A few Poa annua killers are Hi-Yield Atrazine and Tenacity. Revolver is also a good option.

If nothing else works, spot-treat the weed with a non-selective herbicide.

This is often a last resort option and should be optional. If you’ve applied both a pre- and post-emergent herbicide and still see Poa annua, consider spot-treating it with a non-selective herbicide. 

Non-selective herbicides will kill all vegetation it comes in contact with, which is why you should spot-treat with it for the purposes of killing Poa annua. You’ll use a liquid non-selective herbicide, tank-mix it in a spray-tank and apply directly to the weed with a nozzle.

Selective herbicides, on the other hand, only kill the weeds listed on their product labels.

When Poa annua cannot be controlled by maintenance practices alone and a chemical must be applied, make sure to read the label carefully to ensure that it will not cause any damage to your lawn and is compatible with your type of grass. This weed is very similar to some grasses commonly found in home lawns and many chemical products can cause damage if the label is not checked before application.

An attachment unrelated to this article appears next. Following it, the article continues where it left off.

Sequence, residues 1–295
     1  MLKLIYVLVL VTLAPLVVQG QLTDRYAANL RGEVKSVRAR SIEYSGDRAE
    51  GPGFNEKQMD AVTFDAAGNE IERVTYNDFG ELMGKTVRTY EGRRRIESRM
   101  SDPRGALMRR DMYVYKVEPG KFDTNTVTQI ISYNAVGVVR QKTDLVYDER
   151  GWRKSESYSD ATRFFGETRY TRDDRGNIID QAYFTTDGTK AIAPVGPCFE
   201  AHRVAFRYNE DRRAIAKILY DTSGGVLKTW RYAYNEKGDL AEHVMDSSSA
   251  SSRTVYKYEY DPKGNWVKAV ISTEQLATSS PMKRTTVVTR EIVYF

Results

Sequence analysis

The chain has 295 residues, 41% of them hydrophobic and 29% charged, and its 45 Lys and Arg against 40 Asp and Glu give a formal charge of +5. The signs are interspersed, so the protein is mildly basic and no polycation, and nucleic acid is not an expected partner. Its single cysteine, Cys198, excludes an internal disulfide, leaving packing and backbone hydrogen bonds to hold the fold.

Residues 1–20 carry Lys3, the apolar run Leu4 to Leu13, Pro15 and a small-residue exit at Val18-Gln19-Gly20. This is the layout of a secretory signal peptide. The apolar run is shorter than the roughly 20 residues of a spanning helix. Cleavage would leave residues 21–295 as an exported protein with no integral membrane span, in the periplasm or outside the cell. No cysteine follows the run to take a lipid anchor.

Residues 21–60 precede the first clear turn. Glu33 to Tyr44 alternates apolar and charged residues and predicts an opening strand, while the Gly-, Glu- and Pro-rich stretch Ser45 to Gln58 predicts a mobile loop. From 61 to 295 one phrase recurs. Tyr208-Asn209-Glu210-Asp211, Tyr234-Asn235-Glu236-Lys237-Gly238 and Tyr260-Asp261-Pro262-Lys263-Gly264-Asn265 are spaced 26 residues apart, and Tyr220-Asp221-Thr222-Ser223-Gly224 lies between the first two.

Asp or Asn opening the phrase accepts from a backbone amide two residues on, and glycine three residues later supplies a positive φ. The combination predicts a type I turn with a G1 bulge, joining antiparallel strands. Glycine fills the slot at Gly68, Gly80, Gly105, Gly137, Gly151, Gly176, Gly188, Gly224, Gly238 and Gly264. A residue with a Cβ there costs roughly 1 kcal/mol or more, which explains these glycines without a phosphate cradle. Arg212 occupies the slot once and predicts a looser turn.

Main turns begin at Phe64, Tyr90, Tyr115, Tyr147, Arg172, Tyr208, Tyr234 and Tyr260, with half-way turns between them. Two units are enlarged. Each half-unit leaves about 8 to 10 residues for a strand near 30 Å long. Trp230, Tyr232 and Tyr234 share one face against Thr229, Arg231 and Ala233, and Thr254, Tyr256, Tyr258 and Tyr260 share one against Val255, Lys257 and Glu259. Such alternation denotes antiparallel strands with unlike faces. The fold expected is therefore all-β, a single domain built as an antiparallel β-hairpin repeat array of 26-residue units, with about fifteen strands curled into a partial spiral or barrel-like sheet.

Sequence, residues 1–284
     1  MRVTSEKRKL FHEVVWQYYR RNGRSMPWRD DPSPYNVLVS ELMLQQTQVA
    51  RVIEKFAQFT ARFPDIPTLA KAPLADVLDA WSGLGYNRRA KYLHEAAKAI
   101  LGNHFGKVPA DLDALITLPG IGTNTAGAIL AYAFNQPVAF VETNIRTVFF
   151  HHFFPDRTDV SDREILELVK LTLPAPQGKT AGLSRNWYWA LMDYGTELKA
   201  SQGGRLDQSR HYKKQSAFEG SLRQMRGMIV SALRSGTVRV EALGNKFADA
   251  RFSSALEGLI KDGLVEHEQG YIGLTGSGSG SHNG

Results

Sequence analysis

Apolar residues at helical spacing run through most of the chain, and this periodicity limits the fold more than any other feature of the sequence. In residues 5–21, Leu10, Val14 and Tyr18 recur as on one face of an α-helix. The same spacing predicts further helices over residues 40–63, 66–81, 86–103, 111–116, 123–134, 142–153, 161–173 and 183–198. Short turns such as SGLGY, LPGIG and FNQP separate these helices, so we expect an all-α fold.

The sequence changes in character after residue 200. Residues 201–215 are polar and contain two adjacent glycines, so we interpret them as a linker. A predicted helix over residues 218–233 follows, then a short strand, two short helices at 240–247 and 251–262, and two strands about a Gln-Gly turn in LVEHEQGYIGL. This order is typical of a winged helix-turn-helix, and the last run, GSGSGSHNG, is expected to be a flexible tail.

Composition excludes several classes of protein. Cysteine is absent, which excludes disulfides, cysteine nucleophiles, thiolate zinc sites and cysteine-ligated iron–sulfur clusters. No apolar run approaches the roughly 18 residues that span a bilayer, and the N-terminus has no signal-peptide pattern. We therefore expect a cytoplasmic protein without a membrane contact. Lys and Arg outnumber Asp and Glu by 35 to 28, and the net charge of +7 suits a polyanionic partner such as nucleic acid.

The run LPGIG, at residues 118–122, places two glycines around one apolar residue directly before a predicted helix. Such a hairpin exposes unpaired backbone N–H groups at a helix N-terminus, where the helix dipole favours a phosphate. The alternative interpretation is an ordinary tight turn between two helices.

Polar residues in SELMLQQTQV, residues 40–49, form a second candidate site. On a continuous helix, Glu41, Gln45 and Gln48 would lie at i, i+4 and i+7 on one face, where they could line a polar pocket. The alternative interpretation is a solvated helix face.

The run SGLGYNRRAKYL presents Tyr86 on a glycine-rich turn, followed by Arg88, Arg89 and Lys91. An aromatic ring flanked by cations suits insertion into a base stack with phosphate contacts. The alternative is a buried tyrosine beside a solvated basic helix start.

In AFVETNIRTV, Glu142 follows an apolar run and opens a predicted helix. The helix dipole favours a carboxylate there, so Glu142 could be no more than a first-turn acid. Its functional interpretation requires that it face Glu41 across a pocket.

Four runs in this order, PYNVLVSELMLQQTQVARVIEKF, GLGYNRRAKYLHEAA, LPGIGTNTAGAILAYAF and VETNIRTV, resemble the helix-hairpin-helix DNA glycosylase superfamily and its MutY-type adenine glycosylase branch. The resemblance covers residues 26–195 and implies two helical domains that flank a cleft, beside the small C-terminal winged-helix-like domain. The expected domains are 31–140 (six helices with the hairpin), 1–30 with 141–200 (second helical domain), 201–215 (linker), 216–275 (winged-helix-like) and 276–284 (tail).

Non-Chemical Control of Poa Annua

In addition to chemical control of Poa annua, there are also many non-chemical strategies that can prevent Poa annua or reduce how much it appears.

Due to its shallow rooting system, Poa annua will thrive in areas of the lawn that are overwatered; therefore, homeowners should attempt to water deeply and infrequently so that the shallow rooting system is unable to obtain the water it needs. 

Most lawns only need around 1-inch of water per week including rainfall. Consider conducting an irrigation audit to provide the different areas in your lawn with the proper amount of water.

It can also be beneficial to raise the mowing height for the lawn, as Poa annua is a shorter plant, which gives the lawn a chance to choke out the weeds.

Creating a lawn that is dense and healthy can prevent weed problems from occurring. This includes maintaining a proper mowing, irrigation and fertilization schedule to meet the needs of the turf so that thin or diseased patches that are more susceptible to weeds do not have the chance to develop. Check out our care guides on individual grass types for more information.

Weeds will struggle to compete against a maintained, established lawn. Proper fertilization can help it develop a healthy canopy that is thick enough to crowd out weeds. Here are some of our favorite fertilizers. You can learn more about them in Why Use Lawnifi Fertilizer?.

Can you pull Poa annua?

Poa annua can in fact be pulled by hand in less severe scenarios and it may not grow back again. However, if Poa annua turns into a recurring problem or is too extensive to pull by hand, chemical options may be the best method of control. 

Where does Poa annua come from?